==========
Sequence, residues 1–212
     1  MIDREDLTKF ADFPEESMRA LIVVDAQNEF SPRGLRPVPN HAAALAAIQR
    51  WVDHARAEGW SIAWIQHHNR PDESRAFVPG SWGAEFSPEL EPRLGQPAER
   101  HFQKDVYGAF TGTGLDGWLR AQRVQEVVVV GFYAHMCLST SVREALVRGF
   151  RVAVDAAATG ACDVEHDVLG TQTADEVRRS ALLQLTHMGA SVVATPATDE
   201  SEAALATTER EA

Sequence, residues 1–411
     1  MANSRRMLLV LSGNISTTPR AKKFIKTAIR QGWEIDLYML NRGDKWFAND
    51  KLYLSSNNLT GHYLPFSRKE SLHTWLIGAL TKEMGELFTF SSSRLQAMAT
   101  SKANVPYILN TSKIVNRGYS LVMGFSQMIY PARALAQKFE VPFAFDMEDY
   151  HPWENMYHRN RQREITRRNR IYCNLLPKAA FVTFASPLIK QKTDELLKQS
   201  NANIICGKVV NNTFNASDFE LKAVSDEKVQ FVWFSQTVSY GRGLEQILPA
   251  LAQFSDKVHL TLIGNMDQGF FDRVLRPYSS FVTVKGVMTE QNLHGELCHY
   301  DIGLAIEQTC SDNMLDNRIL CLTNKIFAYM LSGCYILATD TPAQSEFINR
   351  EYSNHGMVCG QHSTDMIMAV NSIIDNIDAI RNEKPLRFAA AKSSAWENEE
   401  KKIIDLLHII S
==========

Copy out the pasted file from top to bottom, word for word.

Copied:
Sequence, residues 1–212
     1  MIDREDLTKF ADFPEESMRA LIVVDAQNEF SPRGLRPVPN HAAALAAIQR
    51  WVDHARAEGW SIAWIQHHNR PDESRAFVPG SWGAEFSPEL EPRLGQPAER
   101  HFQKDVYGAF TGTGLDGWLR AQRVQEVVVV GFYAHMCLST SVREALVRGF
   151  RVAVDAAATG ACDVEHDVLG TQTADEVRRS ALLQLTHMGA SVVATPATDE
   201  SEAALATTER EA

Sequence, residues 1–411
     1  MANSRRMLLV LSGNISTTPR AKKFIKTAIR QGWEIDLYML NRGDKWFAND
    51  KLYLSSNNLT GHYLPFSRKE SLHTWLIGAL TKEMGELFTF SSSRLQAMAT
   101  SKANVPYILN TSKIVNRGYS LVMGFSQMIY PARALAQKFE VPFAFDMEDY
   151  HPWENMYHRN RQREITRRNR IYCNLLPKAA FVTFASPLIK QKTDELLKQS
   201  NANIICGKVV NNTFNASDFE LKAVSDEKVQ FVWFSQTVSY GRGLEQILPA
   251  LAQFSDKVHL TLIGNMDQGF FDRVLRPYSS FVTVKGVMTE QNLHGELCHY
   301  DIGLAIEQTC SDNMLDNRIL CLTNKIFAYM LSGCYILATD TPAQSEFINR
   351  EYSNHGMVCG QHSTDMIMAV NSIIDNIDAI RNEKPLRFAA AKSSAWENEE
   401  KKIIDLLHII S